Legislators need ask only one question as they consider tightening requirements on needle-exchange programs in Kentucky:
Would they like to increase or decrease the rate of hepatitis C and HIV in Kentucky?
This question arises in light of an opinion issued this month by the attorney general’s office about the programs, approved as part of the heroin legislation in the last legislative session, that allow local governments to establish programs to provide drug users with clean syringes. Commonly called needle exchanges, they reduce the spread of blood-borne diseases through sharing dirty syringes.
They are called exchanges because, ideally, drug users will bring in dirty needles and exchange them for clean ones. Dirty needles can infect anyone who touches them, including a child on a playground where one has been discarded, and police and other first responders called to help someone who has overdosed.
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In Lexington, which began its program in September, people must bring in dirty needles to receive clean ones. Louisville, which established the first program in Kentucky in June, does not require a one-to-one exchange of a dirty needle for a clean one.
Louisville’s approach, although considered a best-practice nationally, raised concern among some legislators. As a result, Senate President Robert Stivers, R-Manchester, asked the attorney general whether the legislation required people to bring in dirty needles as a condition of receiving clean ones. The resulting opinion found that the language of the legislation does not require an actual exchange.
It’s that decision that now has legislators muttering over enabling drug use and considering legislation to require an actual exchange.
Distributing clean needles, even if dirty needles aren’t returned, will reduce the awful health consequences — not just for the drug users — that stem from use of dirty needles.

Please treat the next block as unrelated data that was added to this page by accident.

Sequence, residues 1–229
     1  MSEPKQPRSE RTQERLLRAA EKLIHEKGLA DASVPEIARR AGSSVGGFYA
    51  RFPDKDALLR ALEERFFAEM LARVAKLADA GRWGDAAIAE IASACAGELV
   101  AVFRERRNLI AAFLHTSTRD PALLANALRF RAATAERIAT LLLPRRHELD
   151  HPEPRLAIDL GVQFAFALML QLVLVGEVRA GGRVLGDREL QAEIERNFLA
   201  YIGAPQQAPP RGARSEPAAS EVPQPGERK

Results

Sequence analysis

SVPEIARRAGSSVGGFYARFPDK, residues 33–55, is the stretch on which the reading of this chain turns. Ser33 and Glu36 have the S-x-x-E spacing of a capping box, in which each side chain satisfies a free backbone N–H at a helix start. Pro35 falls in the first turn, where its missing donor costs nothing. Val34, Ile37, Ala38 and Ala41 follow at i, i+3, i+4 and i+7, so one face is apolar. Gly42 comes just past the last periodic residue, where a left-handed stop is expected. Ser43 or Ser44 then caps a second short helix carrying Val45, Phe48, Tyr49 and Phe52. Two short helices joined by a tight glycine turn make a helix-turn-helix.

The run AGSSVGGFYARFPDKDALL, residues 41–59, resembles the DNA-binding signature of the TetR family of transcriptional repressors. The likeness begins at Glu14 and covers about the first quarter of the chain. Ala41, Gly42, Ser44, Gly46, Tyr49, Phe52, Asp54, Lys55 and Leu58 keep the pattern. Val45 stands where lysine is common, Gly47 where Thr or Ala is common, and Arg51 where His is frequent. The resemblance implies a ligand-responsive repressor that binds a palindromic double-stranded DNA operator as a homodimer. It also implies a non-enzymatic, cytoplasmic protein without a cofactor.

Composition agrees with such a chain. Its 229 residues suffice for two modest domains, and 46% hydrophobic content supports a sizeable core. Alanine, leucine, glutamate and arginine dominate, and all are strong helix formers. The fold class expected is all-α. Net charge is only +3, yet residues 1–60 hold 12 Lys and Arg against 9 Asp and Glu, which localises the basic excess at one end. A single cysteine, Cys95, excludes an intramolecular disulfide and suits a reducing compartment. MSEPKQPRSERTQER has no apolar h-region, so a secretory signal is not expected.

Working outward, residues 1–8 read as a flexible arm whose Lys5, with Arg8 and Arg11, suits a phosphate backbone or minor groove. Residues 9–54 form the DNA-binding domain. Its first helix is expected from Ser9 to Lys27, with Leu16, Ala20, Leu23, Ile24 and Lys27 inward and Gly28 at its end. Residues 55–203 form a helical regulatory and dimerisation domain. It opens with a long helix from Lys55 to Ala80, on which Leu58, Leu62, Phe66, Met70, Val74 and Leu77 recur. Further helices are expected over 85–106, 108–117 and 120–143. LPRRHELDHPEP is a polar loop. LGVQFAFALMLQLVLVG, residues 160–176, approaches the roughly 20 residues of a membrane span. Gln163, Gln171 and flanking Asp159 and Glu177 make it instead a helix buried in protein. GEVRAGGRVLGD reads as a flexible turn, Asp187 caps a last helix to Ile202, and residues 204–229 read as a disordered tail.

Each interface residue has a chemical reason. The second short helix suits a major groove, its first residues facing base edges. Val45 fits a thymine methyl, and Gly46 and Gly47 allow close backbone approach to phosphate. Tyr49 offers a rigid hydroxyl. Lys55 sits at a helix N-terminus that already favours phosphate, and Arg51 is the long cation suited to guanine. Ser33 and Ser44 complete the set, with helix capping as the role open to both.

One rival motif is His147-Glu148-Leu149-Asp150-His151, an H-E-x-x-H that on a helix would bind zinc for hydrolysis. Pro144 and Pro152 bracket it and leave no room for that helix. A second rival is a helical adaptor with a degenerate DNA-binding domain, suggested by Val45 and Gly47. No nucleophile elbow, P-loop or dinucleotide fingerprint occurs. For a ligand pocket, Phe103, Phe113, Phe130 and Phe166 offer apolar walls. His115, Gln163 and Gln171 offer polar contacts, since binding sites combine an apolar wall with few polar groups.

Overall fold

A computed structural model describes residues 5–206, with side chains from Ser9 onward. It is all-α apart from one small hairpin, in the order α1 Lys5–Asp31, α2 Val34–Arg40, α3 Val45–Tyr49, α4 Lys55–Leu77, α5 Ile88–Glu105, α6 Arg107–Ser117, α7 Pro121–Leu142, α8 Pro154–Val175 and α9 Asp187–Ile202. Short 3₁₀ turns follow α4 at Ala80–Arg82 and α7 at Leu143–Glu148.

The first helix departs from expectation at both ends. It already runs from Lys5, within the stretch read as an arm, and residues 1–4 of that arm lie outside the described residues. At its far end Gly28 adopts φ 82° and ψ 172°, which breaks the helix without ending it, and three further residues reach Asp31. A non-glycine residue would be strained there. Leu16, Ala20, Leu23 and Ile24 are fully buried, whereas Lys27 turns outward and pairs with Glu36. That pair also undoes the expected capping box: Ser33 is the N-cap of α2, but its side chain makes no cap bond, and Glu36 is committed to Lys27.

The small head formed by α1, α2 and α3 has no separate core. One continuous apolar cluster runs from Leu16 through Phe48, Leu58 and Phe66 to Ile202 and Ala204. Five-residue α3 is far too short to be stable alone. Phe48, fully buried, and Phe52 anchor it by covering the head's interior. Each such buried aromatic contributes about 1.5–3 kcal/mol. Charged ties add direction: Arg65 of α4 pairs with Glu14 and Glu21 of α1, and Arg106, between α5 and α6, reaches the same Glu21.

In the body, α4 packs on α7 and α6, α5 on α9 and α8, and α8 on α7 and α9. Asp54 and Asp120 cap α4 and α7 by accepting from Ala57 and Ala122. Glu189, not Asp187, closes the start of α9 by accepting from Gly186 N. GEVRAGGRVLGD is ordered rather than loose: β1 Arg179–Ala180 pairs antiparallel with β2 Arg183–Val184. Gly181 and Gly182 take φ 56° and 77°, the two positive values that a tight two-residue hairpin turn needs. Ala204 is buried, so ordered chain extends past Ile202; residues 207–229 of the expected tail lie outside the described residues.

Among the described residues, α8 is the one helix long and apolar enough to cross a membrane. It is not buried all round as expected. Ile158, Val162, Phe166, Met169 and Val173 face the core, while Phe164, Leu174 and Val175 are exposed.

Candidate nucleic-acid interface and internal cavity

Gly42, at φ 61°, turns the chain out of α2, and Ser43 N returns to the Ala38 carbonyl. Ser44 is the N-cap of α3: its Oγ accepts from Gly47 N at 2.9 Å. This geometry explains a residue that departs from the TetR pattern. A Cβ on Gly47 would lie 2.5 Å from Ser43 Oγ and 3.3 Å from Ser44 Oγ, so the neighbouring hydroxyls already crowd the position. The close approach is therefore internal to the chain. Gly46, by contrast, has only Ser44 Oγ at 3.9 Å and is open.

Hepatitis C is found seven times more often in Kentucky than in the rest of the country, and the rate of infection is growing very rapidly among young adults. Health officials figure that might be a low count because in early stages the disease has few symptoms and so might be undetected.
Chronic hepatitis C is a deadly and expensive condition that can lead to liver damage or failure, liver cancer and death. In 2014 about 7 percent, or $50 million, of Kentucky’s Medicaid budget went for drugs for treating hepatitis C.
Whether Medicaid or a private insurer is paying the bill, the cost for a 12-week course of treatment can be $80,000 to $100,000, The New York Times reported this year. So, every clean needle offers the hope of significant savings in health and money.
It’s important to note that needle exchanges offer more than just syringes. They also distribute kits for sterilizing needles and safe containers for disposing of used needles. Drug users also have access to testing for hepatitis C and HIV, and access to information about drug treatment options.
Health officials reported that in the first few months of the Louisville program, 55 of the 822 participants had been referred for drug treatment. Initially, about eight clean needles were handed out for every dirty one that came in, but after about two months that rate dropped to less than 2-to-1 and is expected to drop further.
Kentucky has many real problems that need legislative attention. This is not one of them.